Beginning in the jungles of southeast Asia and traveling to the high plains of South America, the 2005 Land Rover G4 Challenge promises to be even tougher and more spectacular than the inaugural 2003 event. The Challenge will start off in Bangkok, Thailand, and trek across four countries on two continents to finish in Bolivia. All Land Rover models will be used in the 2005 Challenge, including the all-new LR 3, as well as a fifth vehicle that has yet to be announced. With mild modifications from stock form, the vehicles will be used as a base of operations for the competitors as they drive, bike, climb, and kayak their way toward the finish. The vehicles will not only carry an array of equipment that will aid the competitors in their journey, but will also be used in daily 4x4 driving challenges.
Men and women from 18 nations will compete in binational teams over a four-week period in October 2005. Each participating nation will hold a National Selections event in order to identify its top three competitors. Those individuals will then move on to an International Selections event, where only one competitor from each nation will be selected to participate in the Land Rover G4 Challenge. The overall winner of the G4 Challenge will receive a new Range Rover, as well as the distinction of beating out a tough field of competitors. Prospective Land Rover G4 Challenge competitors can apply online at www.landroverg4challenge.com or complete an entry form at a local Land Rover dealer.
Suzuki And Consumers Union Settle LawsuitThe Suzuki Motor Corporation and Consumers Union of the U.S. Inc. (CU) has announced that the 1996 product-disparagement lawsuit regarding the Suzuki Samurai sport utility vehicle has been settled and will be dismissed. Suzuki filed the suit against Consumers Union after CU's statement that the '88 Samurai "easily rolls over in turns." The two parties disagreed with respect to the validity of CU's short-course avoidance-maneuver tests of the Samurai in 1988. Suzuki disputed the validity of the protocol and findings of the tests, while CU stood by its protocol and findings.
In the settlement, Suzuki and CU acknowledged mutual respect, with CU recognizing Suzuki's stated commitment for designing, manufacturing, and marketing safe vehicles, and Suzuki recognizing CU's stated commitment for objective and unbiased testing and reporting. CU also clarified its initial statement that the '88 Samurai "easily rolls in turns" was limited to the severe turns in CU's short-course avoidance maneuver and that use of the word easily may have been misconstrued and misunderstood. CU also indicated that it never intended to state or imply that the Samurai easily rolls over in routine driving conditions. CU has never questioned the safety of any other Suzuki model it has tested and has praised the Suzuki Sidekick and recommended the Suzuki Vitara/XL-7.
Jeep Sponsors Warren Miller Film TourIn a new two-year agreement, Jeep will become the title sponsor of Warren Miller Entertainment's annual feature-film tour. The partnership joins two brands well-known as purveyors of action and adventure. Since 1949, the annual release of Warren Miller's film represents the official start of winter for many skiers and snowboarders worldwide. Jeep vehicles will appear in the film and at select screening event locations, with Warren Miller Entertainment coordinating sweepstakes and special promotions for Jeep at every tour stop. Warren Miller Entertainment has also introduced on-mountain, television, and music components into existing Jeep-brand programs. Jeff Bell, vice president of Jeep, Chrysler Group, commented, "Jeep-vehicle owners and Warren Miller film fans share the desire to venture into hard-to-reach locations and truly experience the great outdoors." The 2004 film will feature segments filmed in France, Bulgaria, Switzerland, Canada, Mexico, and throughout the U.S.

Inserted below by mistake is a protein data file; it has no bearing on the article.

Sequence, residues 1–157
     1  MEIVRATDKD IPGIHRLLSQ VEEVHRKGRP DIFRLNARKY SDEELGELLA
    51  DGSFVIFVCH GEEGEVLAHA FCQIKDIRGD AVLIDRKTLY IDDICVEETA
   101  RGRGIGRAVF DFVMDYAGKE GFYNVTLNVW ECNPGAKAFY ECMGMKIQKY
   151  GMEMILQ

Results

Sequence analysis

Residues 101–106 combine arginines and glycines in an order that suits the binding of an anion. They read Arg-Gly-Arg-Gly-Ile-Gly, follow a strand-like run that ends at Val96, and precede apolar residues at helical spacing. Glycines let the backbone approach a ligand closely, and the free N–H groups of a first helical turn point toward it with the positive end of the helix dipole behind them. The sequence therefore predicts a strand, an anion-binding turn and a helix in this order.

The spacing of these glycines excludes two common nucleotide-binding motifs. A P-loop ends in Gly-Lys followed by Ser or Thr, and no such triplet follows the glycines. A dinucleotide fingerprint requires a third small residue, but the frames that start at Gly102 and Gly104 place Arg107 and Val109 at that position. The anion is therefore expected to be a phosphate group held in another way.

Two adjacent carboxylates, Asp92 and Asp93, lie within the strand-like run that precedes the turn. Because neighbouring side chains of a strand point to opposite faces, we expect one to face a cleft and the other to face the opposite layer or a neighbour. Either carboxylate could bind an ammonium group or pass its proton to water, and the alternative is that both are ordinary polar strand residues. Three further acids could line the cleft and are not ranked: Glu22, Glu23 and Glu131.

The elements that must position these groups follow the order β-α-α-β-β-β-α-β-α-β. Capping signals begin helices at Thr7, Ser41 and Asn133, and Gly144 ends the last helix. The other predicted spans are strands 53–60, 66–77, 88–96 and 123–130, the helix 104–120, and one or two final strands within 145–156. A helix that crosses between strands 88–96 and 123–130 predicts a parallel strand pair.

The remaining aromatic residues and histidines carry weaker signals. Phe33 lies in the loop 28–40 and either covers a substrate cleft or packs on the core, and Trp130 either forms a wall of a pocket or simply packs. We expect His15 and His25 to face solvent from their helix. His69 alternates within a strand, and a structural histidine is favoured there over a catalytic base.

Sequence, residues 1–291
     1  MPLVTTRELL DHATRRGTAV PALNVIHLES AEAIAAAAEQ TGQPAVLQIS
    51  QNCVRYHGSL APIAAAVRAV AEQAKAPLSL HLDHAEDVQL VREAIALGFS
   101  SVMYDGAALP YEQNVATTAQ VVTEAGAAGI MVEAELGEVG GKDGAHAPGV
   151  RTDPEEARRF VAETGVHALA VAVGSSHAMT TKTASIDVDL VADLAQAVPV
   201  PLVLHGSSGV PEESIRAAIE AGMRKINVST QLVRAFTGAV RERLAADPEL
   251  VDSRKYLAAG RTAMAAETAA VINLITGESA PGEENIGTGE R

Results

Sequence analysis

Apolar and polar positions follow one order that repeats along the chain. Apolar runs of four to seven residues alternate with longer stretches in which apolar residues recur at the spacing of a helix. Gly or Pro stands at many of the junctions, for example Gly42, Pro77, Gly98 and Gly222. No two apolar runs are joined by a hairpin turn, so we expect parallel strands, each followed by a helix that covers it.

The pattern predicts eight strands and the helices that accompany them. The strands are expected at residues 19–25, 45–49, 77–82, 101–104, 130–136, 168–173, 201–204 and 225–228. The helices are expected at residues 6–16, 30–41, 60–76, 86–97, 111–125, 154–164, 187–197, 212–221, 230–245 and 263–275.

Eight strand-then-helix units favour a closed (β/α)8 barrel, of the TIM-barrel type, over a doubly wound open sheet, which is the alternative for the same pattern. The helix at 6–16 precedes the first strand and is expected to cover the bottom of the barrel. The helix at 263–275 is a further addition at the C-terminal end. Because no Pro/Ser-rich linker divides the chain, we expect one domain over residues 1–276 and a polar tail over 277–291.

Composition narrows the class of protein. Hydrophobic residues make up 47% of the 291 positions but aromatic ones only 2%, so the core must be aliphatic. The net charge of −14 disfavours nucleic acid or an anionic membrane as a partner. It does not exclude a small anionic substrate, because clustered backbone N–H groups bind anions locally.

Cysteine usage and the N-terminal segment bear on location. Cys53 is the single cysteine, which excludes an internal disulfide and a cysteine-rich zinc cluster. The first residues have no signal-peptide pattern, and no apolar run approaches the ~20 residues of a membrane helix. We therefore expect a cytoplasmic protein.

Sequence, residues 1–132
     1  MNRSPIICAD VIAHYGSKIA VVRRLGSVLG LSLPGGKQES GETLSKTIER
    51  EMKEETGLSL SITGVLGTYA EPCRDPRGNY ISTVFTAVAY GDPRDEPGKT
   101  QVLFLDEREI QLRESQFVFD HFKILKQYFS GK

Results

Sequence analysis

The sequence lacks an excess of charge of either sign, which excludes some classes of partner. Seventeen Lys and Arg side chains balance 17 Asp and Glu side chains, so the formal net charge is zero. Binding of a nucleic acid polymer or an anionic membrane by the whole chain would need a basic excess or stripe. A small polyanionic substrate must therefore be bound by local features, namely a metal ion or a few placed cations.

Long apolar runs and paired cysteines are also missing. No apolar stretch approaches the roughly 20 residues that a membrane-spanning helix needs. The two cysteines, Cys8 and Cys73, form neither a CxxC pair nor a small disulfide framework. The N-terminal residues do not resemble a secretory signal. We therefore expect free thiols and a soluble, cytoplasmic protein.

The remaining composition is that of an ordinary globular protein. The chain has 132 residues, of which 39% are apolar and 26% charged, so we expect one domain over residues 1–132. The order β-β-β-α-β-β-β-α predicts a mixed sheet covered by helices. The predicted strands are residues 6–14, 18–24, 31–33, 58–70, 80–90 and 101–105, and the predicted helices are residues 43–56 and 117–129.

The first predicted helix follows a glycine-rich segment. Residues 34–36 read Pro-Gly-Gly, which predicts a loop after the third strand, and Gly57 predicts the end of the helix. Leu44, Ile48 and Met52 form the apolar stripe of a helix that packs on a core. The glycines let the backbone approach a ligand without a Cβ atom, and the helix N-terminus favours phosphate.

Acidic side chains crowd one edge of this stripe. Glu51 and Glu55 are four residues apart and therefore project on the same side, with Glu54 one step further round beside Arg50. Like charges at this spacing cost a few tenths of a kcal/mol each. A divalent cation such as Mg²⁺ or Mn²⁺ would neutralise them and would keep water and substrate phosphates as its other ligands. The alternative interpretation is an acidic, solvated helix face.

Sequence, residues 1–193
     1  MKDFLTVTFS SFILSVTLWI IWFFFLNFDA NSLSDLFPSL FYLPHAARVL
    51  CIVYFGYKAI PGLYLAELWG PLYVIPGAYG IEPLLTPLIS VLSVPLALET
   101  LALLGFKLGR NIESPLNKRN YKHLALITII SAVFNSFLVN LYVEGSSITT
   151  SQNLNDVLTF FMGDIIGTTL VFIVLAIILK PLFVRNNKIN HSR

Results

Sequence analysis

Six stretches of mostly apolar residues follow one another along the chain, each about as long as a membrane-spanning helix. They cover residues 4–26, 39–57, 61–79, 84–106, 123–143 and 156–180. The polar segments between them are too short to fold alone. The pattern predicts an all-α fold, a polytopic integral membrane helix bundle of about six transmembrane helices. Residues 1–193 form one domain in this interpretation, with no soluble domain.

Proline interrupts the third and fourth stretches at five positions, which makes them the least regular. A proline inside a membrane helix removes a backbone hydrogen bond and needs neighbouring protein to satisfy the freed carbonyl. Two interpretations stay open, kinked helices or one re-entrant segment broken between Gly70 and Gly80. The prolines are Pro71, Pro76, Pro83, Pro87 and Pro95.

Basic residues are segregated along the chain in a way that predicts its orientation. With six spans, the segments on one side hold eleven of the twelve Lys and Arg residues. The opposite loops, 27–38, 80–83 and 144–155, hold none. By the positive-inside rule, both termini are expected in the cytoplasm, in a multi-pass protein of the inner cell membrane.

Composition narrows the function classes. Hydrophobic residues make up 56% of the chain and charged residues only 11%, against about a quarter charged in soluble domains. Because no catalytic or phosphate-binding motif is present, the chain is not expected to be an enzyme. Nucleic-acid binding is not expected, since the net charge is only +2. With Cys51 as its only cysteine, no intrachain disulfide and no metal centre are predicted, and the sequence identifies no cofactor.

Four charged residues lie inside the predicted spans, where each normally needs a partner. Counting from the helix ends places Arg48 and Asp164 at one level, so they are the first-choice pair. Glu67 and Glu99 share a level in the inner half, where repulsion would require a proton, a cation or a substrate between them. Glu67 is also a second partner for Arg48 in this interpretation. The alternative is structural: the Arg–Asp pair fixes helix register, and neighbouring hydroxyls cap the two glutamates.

Ontario's F-150 Truck Plant Closes ShopFirst opened in 1965, Ford's Ontario truck plant recently marked the end of production when the last '04 Ford Heritage F-150 pickup was driven off the assembly line. Having begun production on August 26, 1965 with the '66 Ford F-100, the Ontario truck plant went on to create more than 4 million light, medium, and heavy trucks during its 39-year career. The 1,300 employees at Ontario Truck are either moving to the Oakville Assembly Plant located next door to build the Ford Freestar minivan, or have chosen to take an early retirement incentive package. Plant manager Mike Vandelinder commented, "We have always been proud of what we build here at Ontario Truck, and that tradition continues today. You can be sure that our last truck is a great truck. This plant has produced Canada's best-selling pickup truck for all its 39 years and has repeatedly been selected to build some of Ford's hottest specialty pickups."
Located in Oakville, Ontario, near Toronto, Ford's Ontario truck plant sits on 94 acres and houses a body shop, paint facility, and an assembly line that stretches 10 miles and includes 218 robots. It was the only plant in North America chosen to build the SVT F-150 Lightning, the fastest pickup ever, and the limited-edition '00 Harley Davidson F-150. Currently producing the Heritage F-150 at the time of its close, more than 112,000 vehicles were built at Ontario Truck last year.